West Nile Virus & Crow Info

HELP!  I FOUND A SICK CROW!

Valley Wildlife Care drawing blood from a current West Nile Virus patient that is in our care.  We are tesing the blood for antibodies as this crow is recovering.

Valley Wildlife Care is currently taking and treating birds infected with West Nile Virus.  Some species have a higher death rate than others. Corvids such as crows, ravens, and jays have zero to little immunity to the virus.  In 2005 Valley Wildlife Care was the first rehab center to assist a raven through the virus and make a complete recovery.  This raven was the first documented case of recovery in a raven in the Unites States. We are proud of our accomplishment and it has helped us to thrive in treating infected birds.  Although there survival rates are low we treat every patient with the hopes he /she will recover.  Valley Wildlife Care currently has several birds in rehab being treated for West Nile Virus.  We work closely with vector control in taking blood samples of our patients and monitoring their recovery status. 


What to do if you find a sick bird:

Use a towel or sheet and place it in a box. Keep it COOL! West Nile Virus causes high fever so the bird must be kept in a cool place

Contact Valley Wildlife Care or your closest licensed wildlife rehabilitator. Ask them if they are treating the sick birds. Many rehabilitators have a euthanasia policy for West Nile Virus infected birds. 

Symptoms of infected crows:

Since WNV causes swelling of the brain and attacks the nervous system, birds infected generally appear “confused” “disoriented” “weak on the legs” “inable to stand” “stumbling” or “leaning to one side

Why Birds? 

Wild birds are the animals from which the mosquito vector primarily acquires the virus. Infection has been reported in more than 100 bird species. Although many birds that are infected with WNV will not appear ill, WNV infection can cause serious illness and death in some birds. The most severe illnesses are seen the corvids, which include crows, jays, ravens, and magpies. American crows constitute the majority of birds reported dead due to WNV.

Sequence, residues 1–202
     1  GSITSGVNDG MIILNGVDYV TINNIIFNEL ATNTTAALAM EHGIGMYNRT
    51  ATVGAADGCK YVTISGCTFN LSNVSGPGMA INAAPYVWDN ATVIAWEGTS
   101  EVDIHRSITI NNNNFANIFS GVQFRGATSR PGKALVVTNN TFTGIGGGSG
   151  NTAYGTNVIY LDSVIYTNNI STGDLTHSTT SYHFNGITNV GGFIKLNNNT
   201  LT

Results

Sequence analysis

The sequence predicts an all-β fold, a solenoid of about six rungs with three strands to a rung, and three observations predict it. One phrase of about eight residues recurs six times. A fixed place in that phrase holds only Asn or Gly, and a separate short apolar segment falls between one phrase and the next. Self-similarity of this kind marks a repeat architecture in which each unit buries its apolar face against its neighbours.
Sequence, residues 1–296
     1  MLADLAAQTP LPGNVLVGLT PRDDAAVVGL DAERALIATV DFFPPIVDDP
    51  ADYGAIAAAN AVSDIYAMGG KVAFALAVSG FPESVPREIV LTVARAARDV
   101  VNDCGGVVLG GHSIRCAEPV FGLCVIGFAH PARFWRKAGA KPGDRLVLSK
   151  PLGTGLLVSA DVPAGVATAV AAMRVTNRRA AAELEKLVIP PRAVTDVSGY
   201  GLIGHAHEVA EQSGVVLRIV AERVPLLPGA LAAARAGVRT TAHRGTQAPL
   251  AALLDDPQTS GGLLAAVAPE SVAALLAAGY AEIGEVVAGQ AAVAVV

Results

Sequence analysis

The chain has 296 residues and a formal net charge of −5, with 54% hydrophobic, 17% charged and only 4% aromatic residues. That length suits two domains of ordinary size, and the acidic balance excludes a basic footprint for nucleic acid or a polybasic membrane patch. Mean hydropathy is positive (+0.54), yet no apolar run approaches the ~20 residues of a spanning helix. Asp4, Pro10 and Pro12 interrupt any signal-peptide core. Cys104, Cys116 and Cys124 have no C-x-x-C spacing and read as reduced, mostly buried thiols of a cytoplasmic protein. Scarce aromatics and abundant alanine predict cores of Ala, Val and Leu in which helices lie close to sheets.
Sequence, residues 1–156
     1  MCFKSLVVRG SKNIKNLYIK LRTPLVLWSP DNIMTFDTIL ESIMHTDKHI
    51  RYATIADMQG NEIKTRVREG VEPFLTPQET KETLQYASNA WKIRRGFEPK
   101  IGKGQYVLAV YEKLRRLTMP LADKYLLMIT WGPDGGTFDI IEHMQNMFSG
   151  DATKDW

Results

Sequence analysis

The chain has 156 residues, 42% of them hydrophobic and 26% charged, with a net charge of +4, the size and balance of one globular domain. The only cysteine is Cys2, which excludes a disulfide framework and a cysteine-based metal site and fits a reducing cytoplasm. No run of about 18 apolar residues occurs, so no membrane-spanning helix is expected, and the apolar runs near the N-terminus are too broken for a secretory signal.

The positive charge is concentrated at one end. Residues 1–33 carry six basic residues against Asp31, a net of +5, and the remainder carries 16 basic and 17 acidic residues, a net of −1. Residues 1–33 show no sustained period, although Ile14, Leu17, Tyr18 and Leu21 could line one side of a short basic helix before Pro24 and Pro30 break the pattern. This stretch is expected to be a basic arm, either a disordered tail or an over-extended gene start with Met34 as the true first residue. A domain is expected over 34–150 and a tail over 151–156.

What To Do When You Find a Dead Bird
Contact LA County Vector Control ASAP   
http://www.glacvcd.org  if they are no longer taking dead birds in your area, please dispose of it as follows:

(1) Wear plastic or latex gloves or use a plastic bag as a glove
(2) With your gloved hand, place or wrap the bird in a plastic bag and tie the bag securely (alternatively, a shovel may be used to pick up bird)
(3) Dispose of the bag (and gloves) in an outdoor trash receptacle, and
(4) Wash your hands with soap and water.

Do not be frightened when attempting to rescue a sick bird. They have not spread the virus to people, as far as we know. Precautions should be taken to avoid exposure to the feces or saliva, but don’t let that stop you from rescuing the bird. It is a mosquito born virus and is carried by mosquitoes.  Mosquitoes bite people, dogs, cats, and other pets. All of the above have immunity to the virus and only one in one hundred and fifty people who are infected will actually know!  Crows have no immunity to the fight the virus which makes them the most recognized hosts.  They can transmit the virus ONLY if a mosquito feeds off of them and on to another bird. This is why it’s so important to get them off the streets!  This is where we come in. We help them by providing critical care in hopes that they will be able to fight the virus and pull through.  Below is a picture of the cycle: